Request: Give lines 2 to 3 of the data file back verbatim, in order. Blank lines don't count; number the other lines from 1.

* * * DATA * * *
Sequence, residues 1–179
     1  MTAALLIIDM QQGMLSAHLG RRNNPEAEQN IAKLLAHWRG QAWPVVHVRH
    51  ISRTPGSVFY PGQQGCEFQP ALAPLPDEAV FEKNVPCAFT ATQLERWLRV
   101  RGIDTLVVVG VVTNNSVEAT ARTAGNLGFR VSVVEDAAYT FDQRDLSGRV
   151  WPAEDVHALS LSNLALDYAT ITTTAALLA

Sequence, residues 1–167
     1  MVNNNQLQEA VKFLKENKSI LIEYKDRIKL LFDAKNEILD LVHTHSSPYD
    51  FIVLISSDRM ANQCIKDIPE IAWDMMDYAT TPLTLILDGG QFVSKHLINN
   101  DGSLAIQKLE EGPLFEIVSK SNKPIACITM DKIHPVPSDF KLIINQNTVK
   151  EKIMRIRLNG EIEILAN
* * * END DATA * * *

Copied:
     1  MTAALLIIDM QQGMLSAHLG RRNNPEAEQN IAKLLAHWRG QAWPVVHVRH
    51  ISRTPGSVFY PGQQGCEFQP ALAPLPDEAV FEKNVPCAFT ATQLERWLRV